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Home > China-UK Events > 2007
WHO assembly rejects proposal on Taiwan membership
2007/05/15
GENEVA, May 14 -- The 60th World Health Assembly (WHA) announced Monday that a proposal on making Taiwan a "member state" of the World Health Organization (WHO) will not be included in the conference's provisional agenda.

    The announcement was made by Jane Halton, president of the Assembly and secretary of the Department of Health and Aging of Australia, following a recommendation from the 25-member General Committee and then a roll call vote by member states at the plenary session.

    The result of the vote showed that an overwhelming majority of WHO member states are opposed to including the Taiwan-related proposal in the agenda.

    This is the 11th time in as many years that a Taiwan-related proposal was rejected in the assembly.

    In the following interventions, many states also stressed that they support the one-China policy, and Taiwan, as a province of China, is not eligible for WHO membership.

    The WHA is the supreme decision-making body of the WHO. It meets in Geneva in May each year, attended by delegations from all193 member states.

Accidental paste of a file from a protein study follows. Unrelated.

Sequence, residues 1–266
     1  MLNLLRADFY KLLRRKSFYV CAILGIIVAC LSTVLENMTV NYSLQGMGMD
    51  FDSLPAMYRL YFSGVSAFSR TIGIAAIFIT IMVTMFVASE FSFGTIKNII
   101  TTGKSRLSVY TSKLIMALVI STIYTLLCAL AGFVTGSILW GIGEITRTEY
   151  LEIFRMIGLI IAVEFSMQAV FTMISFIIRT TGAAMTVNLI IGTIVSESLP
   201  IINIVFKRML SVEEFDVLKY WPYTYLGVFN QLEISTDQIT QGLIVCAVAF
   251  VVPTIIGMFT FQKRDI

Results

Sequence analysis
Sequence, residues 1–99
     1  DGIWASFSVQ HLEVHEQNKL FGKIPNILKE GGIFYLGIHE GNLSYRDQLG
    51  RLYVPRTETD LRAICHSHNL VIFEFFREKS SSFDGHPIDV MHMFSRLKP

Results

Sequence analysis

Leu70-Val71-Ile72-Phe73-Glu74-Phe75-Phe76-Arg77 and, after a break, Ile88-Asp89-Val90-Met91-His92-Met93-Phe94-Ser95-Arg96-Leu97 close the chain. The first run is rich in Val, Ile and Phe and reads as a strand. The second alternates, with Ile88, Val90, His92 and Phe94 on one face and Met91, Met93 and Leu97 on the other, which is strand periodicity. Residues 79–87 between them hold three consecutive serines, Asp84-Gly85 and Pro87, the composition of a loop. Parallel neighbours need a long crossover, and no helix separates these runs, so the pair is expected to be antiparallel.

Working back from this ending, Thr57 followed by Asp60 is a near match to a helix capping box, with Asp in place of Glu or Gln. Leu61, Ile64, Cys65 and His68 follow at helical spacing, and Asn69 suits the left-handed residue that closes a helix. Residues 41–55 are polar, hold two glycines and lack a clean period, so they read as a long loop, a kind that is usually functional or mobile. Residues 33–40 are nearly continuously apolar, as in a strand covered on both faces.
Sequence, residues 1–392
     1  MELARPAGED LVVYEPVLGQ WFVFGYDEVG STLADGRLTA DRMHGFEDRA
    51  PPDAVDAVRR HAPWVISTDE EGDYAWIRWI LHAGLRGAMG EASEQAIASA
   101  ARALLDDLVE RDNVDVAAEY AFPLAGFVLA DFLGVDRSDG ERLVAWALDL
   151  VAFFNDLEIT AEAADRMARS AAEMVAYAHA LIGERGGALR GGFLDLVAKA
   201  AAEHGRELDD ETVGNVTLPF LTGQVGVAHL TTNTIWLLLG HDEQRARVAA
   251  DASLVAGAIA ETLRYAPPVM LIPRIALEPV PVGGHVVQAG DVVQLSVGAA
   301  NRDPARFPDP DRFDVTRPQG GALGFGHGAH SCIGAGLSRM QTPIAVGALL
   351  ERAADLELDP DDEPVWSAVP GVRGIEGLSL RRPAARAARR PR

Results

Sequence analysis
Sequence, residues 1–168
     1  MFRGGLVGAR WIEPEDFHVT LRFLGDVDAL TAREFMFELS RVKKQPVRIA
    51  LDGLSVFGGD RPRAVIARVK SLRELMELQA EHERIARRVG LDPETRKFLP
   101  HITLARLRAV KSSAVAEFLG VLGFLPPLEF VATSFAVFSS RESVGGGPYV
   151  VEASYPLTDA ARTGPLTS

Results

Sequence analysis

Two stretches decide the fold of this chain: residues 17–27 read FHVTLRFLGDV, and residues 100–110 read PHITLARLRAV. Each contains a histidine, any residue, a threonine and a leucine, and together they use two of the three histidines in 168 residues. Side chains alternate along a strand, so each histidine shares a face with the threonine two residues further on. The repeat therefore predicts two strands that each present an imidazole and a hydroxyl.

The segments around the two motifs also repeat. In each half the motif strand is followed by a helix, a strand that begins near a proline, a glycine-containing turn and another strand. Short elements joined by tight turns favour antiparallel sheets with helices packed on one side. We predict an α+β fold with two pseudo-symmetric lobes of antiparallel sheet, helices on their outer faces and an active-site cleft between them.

The proposal, put forward by a small number of countries, ignored related UN resolutions and claimed that Taiwan should be a "member state" of the WHO.

    The Taiwan authorities have attempted in vain to become an observer of the WHA, but this year it tried to become a "full member state" of the WHO.

    Addressing Monday's conference, Chinese Minister of Health Gao Qiang reiterated that Taiwan is a province of China and it is not eligible for WHO membership, which is only open to sovereign states.

    "Taiwan is an inalienable part of China. Although the reunification of the mainland and Taiwan has yet to be achieved due to historical reasons, the fact that the mainland and Taiwan both belong to one China will never change," Gao said.

    Gao noted that the focus of attention of the "Taiwan membership" proposal is not the well-being of the Taiwan people, but to seek "Taiwan Independence" in the international arena, and serves the election campaign of certain political figures on the island.

    "This proposal disregards the UN Charter and the WHO Constitution, violates the resolutions of the UN General Assembly and the WHA, challenges the internationally-acknowledged One China Principle, sabotages the consensus of the WHA of the past 10 consecutive years, and seriously hurts the feelings of the member states," Gao said.

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